Pay Yourself First

I once read in a business book that the main reason people aren’t able to save money is that they pay themselves last. By the time they pay their bills, their mortgage, put money into their vehicles and spend a little here or there on whatever else they spend money on, there’s nothing left to save.

On the other hand, the writer of the book said, if you put money into savings first, then you still figure out how to cover the payments you have to cover. It’s a matter of priority.

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The other day Maile was talking about how she had some good ideas for a writing project.

“But by the end of the day,” she said, “I’m so tired I just don’t have the energy to write.”

That old business concept came into my mind.

“You need to start paying yourself first,” I said. “Pick a time of day when you feel most productive, and instead of doing laundry or cleaning the kitchen, put everything to the side and write during that time. You will eventually get to all that other stuff.”

On Wednesday she gave it a try. She wrote in the afternoon, when she had the most energy. She even took my advice to write 1000 words.

It was the best writing she’d done in quite some time.

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Which part of you are you dedicating to the things you are passionate about? Are you always giving your passions the leftovers? How could you arrange your schedule so that things you love, the things you are uniquely created to do, are getting the best parts of you?

If you are a writer, when are you writing?

If you are an entrepreneur, when do you spend your time entrepreneur-ing?

If you are a musician, when do play?

Pay yourself first.

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Similar posts:
Living 1000 Words a Day
The Danger of New Beginnings
A Net for Catching Days

6 Replies to “Pay Yourself First”

    1. Yeah, I know, that’s kind of a problem.

      I made the switch to my current situation about 18 months ago, and I learned one thing about this – the majority of my daytime hours are not my most productive hours. They’re okay. Some are better than others. But my most productive fiction writing hours are actually late at night, or early in the morning. I used to give those times to sleep or television.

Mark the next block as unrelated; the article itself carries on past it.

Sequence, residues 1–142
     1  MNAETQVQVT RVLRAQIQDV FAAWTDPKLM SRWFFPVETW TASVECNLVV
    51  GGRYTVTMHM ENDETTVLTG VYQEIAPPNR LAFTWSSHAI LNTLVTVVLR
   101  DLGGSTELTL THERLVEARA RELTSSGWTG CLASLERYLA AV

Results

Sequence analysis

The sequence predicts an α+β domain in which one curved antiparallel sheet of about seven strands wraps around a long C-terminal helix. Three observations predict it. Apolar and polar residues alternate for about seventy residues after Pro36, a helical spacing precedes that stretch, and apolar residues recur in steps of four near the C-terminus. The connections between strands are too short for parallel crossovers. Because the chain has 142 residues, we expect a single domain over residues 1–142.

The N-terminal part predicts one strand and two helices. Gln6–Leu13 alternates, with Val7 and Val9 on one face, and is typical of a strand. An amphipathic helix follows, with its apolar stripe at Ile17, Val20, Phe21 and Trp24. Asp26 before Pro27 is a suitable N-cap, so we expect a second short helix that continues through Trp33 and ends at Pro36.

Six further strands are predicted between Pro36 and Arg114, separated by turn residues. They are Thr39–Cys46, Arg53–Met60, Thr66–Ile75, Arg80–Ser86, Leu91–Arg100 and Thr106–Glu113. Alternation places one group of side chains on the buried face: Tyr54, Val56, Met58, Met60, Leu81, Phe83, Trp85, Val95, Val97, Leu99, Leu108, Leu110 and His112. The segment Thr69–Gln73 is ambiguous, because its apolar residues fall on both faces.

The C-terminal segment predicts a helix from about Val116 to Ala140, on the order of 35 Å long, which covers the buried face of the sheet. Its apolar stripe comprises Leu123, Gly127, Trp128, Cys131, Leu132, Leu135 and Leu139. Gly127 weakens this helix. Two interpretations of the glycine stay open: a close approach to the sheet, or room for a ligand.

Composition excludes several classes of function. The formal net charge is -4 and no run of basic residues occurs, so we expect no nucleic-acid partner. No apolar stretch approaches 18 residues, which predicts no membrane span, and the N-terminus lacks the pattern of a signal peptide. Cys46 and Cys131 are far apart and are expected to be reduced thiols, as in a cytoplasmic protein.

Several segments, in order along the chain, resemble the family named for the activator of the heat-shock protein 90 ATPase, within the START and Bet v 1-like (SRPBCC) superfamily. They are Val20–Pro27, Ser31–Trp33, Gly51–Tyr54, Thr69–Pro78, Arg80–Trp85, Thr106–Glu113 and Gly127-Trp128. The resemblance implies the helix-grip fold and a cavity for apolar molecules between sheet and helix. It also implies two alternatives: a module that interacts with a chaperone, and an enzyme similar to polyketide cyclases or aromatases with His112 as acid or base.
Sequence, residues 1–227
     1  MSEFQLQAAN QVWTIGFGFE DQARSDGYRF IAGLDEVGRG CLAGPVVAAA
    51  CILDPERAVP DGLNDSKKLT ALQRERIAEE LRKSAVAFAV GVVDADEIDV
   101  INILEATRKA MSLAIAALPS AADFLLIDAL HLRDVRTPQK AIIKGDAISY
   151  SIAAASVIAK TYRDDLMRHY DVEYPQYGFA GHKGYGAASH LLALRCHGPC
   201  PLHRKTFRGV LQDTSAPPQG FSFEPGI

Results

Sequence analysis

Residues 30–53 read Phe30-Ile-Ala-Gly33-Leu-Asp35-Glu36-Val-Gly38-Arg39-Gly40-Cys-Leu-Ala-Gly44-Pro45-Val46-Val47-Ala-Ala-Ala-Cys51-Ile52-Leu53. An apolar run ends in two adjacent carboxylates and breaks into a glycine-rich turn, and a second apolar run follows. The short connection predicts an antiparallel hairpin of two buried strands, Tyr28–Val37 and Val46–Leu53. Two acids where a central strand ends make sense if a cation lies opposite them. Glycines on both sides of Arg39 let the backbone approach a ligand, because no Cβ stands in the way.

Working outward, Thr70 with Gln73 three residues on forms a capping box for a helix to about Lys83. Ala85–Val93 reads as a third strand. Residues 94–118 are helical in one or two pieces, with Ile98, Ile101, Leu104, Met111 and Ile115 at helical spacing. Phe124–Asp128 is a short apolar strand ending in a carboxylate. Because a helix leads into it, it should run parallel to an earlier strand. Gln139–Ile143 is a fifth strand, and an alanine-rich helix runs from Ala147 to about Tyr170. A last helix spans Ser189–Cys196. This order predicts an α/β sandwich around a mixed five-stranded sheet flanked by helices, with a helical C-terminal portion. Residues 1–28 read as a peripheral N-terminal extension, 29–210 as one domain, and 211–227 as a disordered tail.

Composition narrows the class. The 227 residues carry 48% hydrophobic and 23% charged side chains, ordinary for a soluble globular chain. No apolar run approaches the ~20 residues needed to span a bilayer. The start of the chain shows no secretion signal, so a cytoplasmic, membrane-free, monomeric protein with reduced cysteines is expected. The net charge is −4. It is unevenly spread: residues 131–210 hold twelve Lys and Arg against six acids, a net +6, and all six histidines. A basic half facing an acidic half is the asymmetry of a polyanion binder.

I guess what I’m saying is, there are hours of everyone’s day over which they have little control. For most people it’s 8-5, or maybe certain times spent with family. So put those hours aside. What are your most productive hours outside of those non-negotiables? And what are you currently doing during those times?

      I always use Bryan Allain as an example. He works a long work week and commutes about 45 minutes. But he’s up every morning, early, and has created a time that has become his most-productive hours.

  1. Nice post Shawn. I always have to continually remember to pay myself first, not only financially, but also time wise by setting aside quality time for my passion. Although it amazes me though how much time I can find for myself, simply by turning off the TV or the computer for a few hours.

  2. At age 41 I finally found a job that is a vocation and a passion, so I get to do what I am passionate about for a job. What I find myself having to ‘pay first’ is downtime. I love being a 911 dispatcher and I am an EMT also, my work schedule allows for a fair bit of volunteering in that way, and when you get phone calls asking you to go on this or that interfacility transfer, its easy to spend up your free time completely. Of course, 24/7 of trauma, emergency, sickness, and occasionally, death does take its toll no matter how much you love throwing yourself into doing something important. When I catch myself feeling callous, or cynical, or emotionally spent; when ‘the wall’ we put up to be able to do our jobs in a clearheaded and effective way gets just a little too high, I have to turn off the pager and the phone and ‘hide’ for a bit and force myself to accept that its not something I should feel guilty about. (That is the hard part.)

  3. Even with a full time position there are ways to “pay yourself first”. I do small projects for my job that also help me advance both myself and my company. I wrote a few articles for my office on my own time over the past couple of years. I also did some organizational charts. By doing them at home with the little quiet space I had, I could think better and not interupt what I absolutely needed to do with time at the office. In the end, I was promoted and now do a lot more writing for our company for newsletters and our new blog.

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